How is Child Custody determined in Minnetonka, MN

Getting a divorce is never easy, even more so when children are involved. Determining child custody is one of the most stressful processes divorcing parents have to endure. Whether child custody is determined by parents (through an out-of-court agreement) or by a judge, it is a difficult choice that can have a long-term effect on parents and children.

As a parent, you should consider hiring an experienced child custody lawyer in Minnetonka, MN, if you want to increase the odds of winning the custody of your kids. However, you must also understand how child custody is determined as it can help you prepare for your case thoroughly.

1. Types of Child Custody in Minnesota

To file for child custody in Minnesota, you need to meet the residency requirements. The child must have lived in Minnesota with a parent or a person acting as a parent for at least six consecutive months (180 days) before starting the court process. Of course, there are exceptions to this rule, which you can better understand by consulting an experienced child custody lawyer in Minnetonka, MN.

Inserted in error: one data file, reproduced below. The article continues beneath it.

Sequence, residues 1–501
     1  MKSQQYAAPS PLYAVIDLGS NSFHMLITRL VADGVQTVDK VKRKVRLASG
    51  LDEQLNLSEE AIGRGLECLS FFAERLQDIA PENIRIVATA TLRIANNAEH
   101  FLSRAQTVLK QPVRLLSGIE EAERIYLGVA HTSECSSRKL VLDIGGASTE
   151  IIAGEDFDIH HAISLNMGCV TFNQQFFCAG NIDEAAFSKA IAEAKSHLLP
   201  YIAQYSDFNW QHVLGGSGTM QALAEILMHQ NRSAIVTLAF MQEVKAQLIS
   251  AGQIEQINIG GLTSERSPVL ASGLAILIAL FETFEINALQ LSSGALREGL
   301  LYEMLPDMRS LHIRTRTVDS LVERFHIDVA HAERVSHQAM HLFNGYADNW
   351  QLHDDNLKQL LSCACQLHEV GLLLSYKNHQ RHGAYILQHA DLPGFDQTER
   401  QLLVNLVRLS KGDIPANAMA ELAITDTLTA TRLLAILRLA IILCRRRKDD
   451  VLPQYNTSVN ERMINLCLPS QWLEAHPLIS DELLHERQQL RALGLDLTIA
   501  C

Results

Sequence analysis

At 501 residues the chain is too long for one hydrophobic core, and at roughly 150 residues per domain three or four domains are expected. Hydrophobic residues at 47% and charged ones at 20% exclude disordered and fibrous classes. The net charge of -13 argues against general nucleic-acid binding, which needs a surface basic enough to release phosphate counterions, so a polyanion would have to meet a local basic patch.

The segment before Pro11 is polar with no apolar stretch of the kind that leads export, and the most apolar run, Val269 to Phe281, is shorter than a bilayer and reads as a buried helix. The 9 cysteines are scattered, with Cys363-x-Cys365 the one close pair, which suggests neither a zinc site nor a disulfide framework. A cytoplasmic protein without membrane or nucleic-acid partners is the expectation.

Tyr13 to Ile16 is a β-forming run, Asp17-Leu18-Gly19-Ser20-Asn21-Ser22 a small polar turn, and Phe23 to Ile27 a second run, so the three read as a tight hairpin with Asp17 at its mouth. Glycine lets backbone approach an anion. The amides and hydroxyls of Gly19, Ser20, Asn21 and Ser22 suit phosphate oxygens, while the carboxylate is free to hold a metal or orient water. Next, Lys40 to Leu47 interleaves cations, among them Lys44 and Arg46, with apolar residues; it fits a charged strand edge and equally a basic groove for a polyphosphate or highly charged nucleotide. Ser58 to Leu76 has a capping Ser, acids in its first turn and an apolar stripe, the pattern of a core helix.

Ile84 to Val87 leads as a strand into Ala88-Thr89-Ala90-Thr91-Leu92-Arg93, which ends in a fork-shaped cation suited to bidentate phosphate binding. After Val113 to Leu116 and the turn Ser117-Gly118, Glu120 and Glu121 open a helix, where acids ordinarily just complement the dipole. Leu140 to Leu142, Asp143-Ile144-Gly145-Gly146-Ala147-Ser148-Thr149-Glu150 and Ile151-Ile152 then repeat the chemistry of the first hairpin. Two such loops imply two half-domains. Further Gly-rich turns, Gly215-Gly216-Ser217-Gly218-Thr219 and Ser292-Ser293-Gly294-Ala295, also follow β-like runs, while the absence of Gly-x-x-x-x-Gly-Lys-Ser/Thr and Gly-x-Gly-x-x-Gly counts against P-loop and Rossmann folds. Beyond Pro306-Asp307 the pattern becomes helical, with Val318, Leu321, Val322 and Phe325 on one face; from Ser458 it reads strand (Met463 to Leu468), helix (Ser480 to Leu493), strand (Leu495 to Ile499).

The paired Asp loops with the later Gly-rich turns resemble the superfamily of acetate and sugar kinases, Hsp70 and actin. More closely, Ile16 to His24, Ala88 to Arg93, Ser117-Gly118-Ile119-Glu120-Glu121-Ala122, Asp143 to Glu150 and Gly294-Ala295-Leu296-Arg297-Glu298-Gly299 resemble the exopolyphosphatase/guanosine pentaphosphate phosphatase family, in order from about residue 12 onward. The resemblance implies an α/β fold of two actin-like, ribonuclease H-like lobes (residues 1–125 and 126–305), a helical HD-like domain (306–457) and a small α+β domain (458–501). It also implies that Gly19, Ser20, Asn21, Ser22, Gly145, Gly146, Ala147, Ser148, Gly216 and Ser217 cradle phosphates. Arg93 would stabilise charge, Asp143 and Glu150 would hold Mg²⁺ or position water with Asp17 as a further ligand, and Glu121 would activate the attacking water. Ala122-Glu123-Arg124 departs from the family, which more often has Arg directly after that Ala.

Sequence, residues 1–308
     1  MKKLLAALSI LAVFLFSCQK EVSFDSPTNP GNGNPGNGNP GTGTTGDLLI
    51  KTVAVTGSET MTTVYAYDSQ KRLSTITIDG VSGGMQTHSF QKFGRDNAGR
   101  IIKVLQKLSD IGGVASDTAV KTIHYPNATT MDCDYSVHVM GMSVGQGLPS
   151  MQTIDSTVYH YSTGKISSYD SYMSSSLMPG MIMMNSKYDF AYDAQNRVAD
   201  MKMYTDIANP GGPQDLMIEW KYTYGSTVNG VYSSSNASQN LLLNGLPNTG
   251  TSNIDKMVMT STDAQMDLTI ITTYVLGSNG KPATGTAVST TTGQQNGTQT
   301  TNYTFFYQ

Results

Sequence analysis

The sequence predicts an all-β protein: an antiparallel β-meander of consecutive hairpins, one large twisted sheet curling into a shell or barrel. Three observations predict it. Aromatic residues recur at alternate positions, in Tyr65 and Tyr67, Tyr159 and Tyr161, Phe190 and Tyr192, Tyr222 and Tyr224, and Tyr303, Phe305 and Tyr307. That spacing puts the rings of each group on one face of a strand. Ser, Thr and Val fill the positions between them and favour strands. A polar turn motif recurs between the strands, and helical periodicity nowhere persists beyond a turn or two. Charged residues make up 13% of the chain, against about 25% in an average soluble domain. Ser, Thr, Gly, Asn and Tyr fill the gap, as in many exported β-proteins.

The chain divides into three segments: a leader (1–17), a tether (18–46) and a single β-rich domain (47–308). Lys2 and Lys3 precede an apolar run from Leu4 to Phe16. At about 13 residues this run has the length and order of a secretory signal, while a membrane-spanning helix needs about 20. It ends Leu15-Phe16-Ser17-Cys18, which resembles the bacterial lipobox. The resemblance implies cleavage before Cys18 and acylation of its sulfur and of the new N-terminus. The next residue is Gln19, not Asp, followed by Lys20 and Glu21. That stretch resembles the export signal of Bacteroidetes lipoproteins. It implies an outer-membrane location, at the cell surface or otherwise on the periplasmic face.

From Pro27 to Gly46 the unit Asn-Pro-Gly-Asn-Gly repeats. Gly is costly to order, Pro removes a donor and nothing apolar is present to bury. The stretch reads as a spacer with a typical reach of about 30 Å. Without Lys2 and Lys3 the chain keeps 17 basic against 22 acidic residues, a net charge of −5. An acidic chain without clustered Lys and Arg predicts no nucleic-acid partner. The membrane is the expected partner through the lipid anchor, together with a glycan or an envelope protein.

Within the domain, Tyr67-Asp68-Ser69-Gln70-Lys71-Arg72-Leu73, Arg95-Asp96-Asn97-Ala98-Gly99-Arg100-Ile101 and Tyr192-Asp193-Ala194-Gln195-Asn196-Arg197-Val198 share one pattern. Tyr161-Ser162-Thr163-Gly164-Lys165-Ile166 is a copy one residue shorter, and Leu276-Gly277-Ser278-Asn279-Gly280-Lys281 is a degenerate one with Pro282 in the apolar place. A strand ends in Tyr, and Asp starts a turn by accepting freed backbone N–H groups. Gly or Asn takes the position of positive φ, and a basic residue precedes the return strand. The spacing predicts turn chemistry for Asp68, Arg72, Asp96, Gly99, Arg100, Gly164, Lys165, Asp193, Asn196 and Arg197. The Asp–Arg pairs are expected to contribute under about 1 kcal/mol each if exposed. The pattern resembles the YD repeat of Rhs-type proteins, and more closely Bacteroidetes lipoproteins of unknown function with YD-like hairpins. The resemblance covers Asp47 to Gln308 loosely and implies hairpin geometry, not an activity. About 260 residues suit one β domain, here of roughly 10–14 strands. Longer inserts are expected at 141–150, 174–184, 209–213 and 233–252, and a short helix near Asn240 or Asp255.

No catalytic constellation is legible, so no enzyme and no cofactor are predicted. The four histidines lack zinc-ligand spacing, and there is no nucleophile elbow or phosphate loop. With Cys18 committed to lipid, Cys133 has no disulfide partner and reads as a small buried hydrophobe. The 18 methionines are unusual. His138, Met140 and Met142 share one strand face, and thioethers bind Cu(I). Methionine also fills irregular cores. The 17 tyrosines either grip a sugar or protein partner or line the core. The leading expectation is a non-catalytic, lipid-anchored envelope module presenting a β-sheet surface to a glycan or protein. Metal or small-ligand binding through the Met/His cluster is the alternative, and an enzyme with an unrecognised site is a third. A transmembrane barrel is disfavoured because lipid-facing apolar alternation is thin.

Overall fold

In Minnesota, there are two primary types of child custody.

A. Physical Custody

Physical custody provides a parent with the rights for daily care and control of children. So, children will have to stay with the parent having physical custody. Physical custody can also be either joint or sole custody. 

In joint physical custody, the children spend time with both parents, including stay, roughly equally. However, this type of custody is fast becoming a rare norm in most family courts.

Usually, considering the best interest of the children (education, social life, and daily needs), only one parent is given primary physical custody, while the other has visitation rights.

Visitation rights allow a parent to spend exclusive, but limited time with their children. The parent with physical custody is called the custodial parent, and the one with visitation rights is called the non-custodial parent.

B. Legal Custody